Written by: Ryan Maloney, Huffington Post
Rona Ambrose spoke in personal terms about the fight against terrorism in her first speech to the Conservative caucus as interim leader.
And she signaled Wednesday that her official Opposition Tories will push the new Liberal government to reverse its plans to withdraw Canadian jets from combat against ISIL.
Ambrose harkened back to a comment Prime Minister Justin Trudeau made in 2013 just after the Boston marathon bombing, later featured in Tory attack ads.
"The Liberals told Canadians that we should be examining the root causes of terrorism," she said.
Terrorism, she said, is bred from a hatred of "our values" and freedom.
"A hatred of my rights as a woman," Ambrose said. "And my ability to live freely."
Ambrose accused Liberals of seeing the contributions of Canada's air force as a "token effort worthy of a tasteless joke." The jab referenced an incident in October 2014, just before Parliament voted to send the jets to Iraq, in which Trudeau accused then prime minister-Stephen Harper of wanting to "whip out our CF-18s and show them how big they are."
Her quip sparked a few shouts of "shame" from Tory MPs.
"And so the prime minister's first phone call with another world leader was to tell our closest ally that Canada would be diminishing our fight against ISIS and withdrawing our air force, leaving our allies to do the heavy lifting," she said of Trudeau's first conversation with U.S. President Barack Obama.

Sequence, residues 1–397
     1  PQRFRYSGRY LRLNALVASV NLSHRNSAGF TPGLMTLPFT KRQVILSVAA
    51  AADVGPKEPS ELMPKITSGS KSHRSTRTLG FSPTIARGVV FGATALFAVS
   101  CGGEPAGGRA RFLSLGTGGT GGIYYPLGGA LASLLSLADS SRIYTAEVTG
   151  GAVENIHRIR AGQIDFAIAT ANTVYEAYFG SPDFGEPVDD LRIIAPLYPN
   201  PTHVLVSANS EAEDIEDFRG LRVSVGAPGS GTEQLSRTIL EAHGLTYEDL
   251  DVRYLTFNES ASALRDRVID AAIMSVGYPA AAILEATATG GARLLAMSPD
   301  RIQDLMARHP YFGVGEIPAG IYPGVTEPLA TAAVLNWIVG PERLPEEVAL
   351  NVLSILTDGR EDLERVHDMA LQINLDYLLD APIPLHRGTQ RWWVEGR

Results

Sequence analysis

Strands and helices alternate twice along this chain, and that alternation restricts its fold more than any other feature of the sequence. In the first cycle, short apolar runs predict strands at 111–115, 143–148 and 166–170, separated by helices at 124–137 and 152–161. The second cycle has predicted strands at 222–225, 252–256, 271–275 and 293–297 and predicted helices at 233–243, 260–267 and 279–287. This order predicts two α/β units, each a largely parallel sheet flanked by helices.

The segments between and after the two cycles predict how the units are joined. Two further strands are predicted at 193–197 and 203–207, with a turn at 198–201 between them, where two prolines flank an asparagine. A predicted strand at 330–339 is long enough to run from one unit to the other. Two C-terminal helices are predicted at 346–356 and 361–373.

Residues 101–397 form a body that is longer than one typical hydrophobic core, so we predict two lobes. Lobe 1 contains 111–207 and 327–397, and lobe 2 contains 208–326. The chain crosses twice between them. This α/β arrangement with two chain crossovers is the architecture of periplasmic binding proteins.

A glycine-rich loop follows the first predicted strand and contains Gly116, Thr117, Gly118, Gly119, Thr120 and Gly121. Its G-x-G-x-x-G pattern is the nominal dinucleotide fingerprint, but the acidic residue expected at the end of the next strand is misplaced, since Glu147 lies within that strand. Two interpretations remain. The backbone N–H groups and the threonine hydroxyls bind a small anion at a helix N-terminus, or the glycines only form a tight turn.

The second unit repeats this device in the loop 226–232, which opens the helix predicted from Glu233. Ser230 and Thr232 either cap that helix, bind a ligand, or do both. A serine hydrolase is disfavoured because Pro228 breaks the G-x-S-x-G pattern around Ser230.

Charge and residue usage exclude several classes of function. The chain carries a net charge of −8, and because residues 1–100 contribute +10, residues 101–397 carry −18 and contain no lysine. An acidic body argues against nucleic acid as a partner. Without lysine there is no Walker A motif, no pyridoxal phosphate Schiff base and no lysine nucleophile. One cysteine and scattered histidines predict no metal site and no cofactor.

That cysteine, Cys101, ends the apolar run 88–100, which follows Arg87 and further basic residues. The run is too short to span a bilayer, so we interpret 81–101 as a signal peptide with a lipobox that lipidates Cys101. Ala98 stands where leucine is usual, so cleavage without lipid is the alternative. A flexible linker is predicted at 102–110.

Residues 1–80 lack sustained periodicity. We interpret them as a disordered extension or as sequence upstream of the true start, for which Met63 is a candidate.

As Ambrose spoke to her party, Foreign Affairs Minister Stephane Dion was in Brussels for a meeting with his NATO counterparts.
Dion suggested Tuesday that the Liberal plan to withdraw jets from the ISIL fight and ramp up training would be a better contribution to the campaign.
"There are a lot of things where Canada may be a great supporter, instead of delivering two per cent of the airstrikes," Dion said.
According to The Canadian Press, as of Nov. 19, Canada has carried out 199 airstrikes out of a total of 8,289 coalition aids — or 2.4 per cent. The RCAF is now over 200 with strikes at the end of November, and 1 in December.
The foreign affairs minister said Canada's position is "well understood" by NATO allies.
On Wednesday, U.S. Secretary of State John Kerry delivered a blunt message at the NATO summit, calling on allies to "step up" in the fight against Daesh — the Arabic reference for the Islamic State.
Kerry said he was "very gratified" allies were bringing more to the effort or planned to increase contributions. He also lauded the leadership of British Prime Minister David Cameron, whose Parliament is set to vote to expand airstrikes into Syria.
However, he also said contributions didn't have to include "troops engaged in kinetic action."